MPs find a formula in staunchly anti-loan charge letters to Boris Johnson and Sajid Javid
A former business secretary and Lib Dem leader is among the growing number of MPs who appear to be concentrating their arrows against Loan Charge 2019, in formal letters they have fired off to the government’s number one and two.
Sir Vince Cable, who is also an ex-shadow chancellor, has written to object to the charge to Sajid Javid, the current chancellor.
The Tory MPs Andrea Jenkyns and Andrew Rosindell have done the same, in their freshly sent letters to prime minister Boris Johnson.
But as well as the three MPs all appealing to No 10 and No 11 Downing Street to make the same announcement -- a pause to the charge until a judge-led review can complete, the trio do so on nearly identical grounds.
Sir Vince writes: “I am against the government’s plan to tax retrospectively people who took part in employee benefit trust loan plans which, at the time, were not illegal”.
In her letter, Ms Jenkyns writes: “The levy is a retrospective back tax for people who used a loan based scheme which, at the time of being taken out, were both legal and recommended by accounting industry professionals.
“Therefore, to retrospectively charge 45% on those loan payments which were paid in good faith and under legal assurance, is deeply perverse.”
In his letter, Mr Rosindell writes: “We must first point out that at the time these loans were perfectly legal measures.
“HMRC did not pursue individuals on the schemes at the time. We must be clear this was an error on the part of HMRC.”
The Conservative MPs Esther McVey and David TC Davies, and Labour MP Jim Fitzpatrick, have also written to the government to make similar points in favour of suspending and reviewing the charge.
But the pattern in the Cable-Jenkyns-Rosindell letters is that having first established that the loans were lawful at the time, the authors then point out that contrary to HM Treasury’s claims, the legislation announced at Budget 2016 to deal with them must therefore be retrospective.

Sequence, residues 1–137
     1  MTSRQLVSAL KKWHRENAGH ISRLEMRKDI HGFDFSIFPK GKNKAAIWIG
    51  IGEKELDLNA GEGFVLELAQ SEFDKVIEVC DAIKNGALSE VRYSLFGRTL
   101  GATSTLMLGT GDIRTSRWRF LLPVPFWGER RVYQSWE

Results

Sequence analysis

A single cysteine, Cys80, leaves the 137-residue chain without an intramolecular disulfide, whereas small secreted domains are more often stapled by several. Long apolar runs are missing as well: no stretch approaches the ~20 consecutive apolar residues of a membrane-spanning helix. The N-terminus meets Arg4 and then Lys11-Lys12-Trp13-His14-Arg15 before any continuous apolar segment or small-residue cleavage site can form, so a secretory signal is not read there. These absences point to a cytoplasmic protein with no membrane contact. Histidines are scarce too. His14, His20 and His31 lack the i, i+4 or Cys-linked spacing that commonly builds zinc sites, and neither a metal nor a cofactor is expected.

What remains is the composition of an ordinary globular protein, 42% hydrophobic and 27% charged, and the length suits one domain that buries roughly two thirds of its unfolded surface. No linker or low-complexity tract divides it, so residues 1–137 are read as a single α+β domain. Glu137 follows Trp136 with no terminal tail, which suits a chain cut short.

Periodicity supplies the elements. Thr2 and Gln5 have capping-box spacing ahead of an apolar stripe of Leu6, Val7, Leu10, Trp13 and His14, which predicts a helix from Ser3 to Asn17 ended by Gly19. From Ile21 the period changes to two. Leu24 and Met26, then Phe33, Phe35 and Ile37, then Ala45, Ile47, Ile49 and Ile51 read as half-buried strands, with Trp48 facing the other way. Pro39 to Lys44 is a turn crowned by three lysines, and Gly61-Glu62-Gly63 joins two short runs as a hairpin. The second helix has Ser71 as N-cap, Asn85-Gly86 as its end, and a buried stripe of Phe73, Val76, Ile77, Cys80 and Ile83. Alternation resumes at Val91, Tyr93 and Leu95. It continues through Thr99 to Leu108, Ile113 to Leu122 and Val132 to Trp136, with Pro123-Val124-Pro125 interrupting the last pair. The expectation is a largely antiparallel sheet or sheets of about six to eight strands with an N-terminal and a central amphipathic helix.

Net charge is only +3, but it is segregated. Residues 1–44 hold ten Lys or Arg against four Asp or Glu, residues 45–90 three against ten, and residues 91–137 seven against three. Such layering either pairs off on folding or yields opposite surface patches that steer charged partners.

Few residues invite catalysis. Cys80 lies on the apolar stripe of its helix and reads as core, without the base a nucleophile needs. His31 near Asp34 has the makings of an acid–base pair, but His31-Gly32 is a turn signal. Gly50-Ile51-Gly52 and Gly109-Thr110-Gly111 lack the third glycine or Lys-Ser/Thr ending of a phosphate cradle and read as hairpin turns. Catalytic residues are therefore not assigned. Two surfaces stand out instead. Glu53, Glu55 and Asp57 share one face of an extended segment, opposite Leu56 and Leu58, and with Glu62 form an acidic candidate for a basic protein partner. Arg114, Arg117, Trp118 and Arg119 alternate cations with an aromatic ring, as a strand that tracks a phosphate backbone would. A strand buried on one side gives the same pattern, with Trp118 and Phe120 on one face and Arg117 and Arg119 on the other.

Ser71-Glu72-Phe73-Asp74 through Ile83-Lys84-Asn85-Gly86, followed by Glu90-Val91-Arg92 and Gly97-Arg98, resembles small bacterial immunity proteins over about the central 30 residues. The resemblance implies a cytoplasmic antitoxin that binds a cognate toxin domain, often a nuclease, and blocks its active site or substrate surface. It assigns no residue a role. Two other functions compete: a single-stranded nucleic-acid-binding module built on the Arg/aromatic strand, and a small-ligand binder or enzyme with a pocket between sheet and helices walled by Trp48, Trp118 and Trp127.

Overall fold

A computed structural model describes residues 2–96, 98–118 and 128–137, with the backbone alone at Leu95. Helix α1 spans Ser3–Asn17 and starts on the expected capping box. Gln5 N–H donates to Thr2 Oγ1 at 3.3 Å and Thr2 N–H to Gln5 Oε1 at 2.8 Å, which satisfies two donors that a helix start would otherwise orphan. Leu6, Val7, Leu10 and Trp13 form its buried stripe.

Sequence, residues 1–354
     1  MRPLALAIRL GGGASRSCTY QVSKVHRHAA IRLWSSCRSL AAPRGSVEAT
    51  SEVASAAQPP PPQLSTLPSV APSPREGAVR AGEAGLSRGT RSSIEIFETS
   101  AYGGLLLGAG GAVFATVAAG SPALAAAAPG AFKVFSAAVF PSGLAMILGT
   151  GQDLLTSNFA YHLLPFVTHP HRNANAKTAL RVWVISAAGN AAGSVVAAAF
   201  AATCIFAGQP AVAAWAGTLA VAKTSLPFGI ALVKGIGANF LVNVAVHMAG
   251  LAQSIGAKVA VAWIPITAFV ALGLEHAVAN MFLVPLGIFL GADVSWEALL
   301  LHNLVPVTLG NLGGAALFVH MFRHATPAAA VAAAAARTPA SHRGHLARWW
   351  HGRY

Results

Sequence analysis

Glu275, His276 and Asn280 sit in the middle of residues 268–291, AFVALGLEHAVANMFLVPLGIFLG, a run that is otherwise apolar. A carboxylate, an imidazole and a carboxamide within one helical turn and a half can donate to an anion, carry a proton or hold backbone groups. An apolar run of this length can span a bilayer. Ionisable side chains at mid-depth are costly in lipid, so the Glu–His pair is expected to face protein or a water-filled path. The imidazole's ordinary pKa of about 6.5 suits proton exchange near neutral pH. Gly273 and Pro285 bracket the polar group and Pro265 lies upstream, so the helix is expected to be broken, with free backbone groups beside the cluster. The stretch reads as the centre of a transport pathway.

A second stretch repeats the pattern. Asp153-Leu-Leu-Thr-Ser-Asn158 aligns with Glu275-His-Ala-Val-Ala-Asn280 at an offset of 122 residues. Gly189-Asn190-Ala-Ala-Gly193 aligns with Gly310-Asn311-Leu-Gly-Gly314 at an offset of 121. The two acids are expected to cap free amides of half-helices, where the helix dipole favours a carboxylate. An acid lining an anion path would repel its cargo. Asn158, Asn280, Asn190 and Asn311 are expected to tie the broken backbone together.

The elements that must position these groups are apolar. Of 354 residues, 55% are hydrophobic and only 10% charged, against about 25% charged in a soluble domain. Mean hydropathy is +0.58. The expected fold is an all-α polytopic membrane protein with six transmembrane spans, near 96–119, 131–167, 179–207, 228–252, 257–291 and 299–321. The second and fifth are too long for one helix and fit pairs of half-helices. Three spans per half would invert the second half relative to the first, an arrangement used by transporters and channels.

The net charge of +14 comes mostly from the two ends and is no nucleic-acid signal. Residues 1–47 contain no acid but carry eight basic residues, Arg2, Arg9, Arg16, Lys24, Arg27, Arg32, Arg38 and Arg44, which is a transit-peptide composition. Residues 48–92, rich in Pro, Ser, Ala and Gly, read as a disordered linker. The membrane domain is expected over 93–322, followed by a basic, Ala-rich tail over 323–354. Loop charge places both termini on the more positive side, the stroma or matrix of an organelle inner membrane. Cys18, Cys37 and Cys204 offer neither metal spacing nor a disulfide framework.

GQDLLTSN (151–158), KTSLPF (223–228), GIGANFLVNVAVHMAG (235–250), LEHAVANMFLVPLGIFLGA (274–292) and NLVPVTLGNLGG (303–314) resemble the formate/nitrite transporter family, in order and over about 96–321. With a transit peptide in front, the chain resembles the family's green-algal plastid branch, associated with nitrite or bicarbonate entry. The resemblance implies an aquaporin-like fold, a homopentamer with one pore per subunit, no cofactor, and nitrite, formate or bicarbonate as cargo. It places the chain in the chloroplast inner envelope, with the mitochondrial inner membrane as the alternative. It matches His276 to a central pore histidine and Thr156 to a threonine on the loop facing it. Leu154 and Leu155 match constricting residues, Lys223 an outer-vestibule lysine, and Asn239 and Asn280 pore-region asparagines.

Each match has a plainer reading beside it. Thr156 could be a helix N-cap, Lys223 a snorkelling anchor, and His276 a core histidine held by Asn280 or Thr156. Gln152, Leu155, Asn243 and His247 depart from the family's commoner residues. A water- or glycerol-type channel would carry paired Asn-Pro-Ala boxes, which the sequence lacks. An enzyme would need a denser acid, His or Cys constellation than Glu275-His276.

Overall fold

Of the MPs, Sir Vince seems to sum it up best when he asks: “If the arrangements were as your department has argued, always illegal, why was it necessary to enact new legislation?
“And if tax was liable, why was HMRC unable to show that in an enquiry?”
With unfair retrospection outlined, the three letters then tend to draw on the huge financial impact such a backdating has on individuals whose freelance status makes HMRC’s accrued demands exorbitant.
Mr Rosindell states: “The way in which HMRC has demanded this is simply disgraceful.
“They have demanded that all those affected must pay the whole charge in the 2019/20 tax year, effectively resulting in this being a lump sum. Those affected by this charge are mostly self-employed people. The group tend to have fewer stable sources of income than others”.
'Contractors without regular protections'
Sir Vince states: “They are contractors and freelancers who do not have regular protections and benefits such as holiday and sick pay or pension contributions and are more financially vulnerable.
“It is unreasonable to expect that many of those affected can pay the back tax by the end of the 2019/20 tax year.”
Ms Jenkyns states: “Those who have been employed through such a scheme are being demanded to pay this levy in one go which is unaffordable for many.
“The unrealistic amounts demanded of taxpayers and the short time frame in which to pay the charge has deeply concerning consequences…[and] tragically, instances of suicide have been reported.”
As to any ‘next steps’ after the sought suspension and review, which are both time-pressured due to HMRC’s loan charge deadlines, Sir Vince suggests it is to make the Loan Charge prospective, not retrospective.
“It [currently] amounts to a sizeable tax burden for people who had no reasonable expectation they would be financially liable when they entered into the arrangements . Removing the elements of the Loan Charge that pertain to years before the law received Royal Assent would resolve the most controversial issues.”
Sounding of a similar conviction, Mr Rosindell concludes in his letter: “The principle of retrospectively applying new legislation seems to come into serious conflict with the rule of law. How can it be right that one can be prosecuted for disobeying a potential future law?”
Ms Jenkyns agrees, writing in her letter “The retrospective nature of the charge is an erosion of statutory taxpayer protections. The Loan Charge breaks a trusted precedent of the tax system and basic principle of tax certainty.”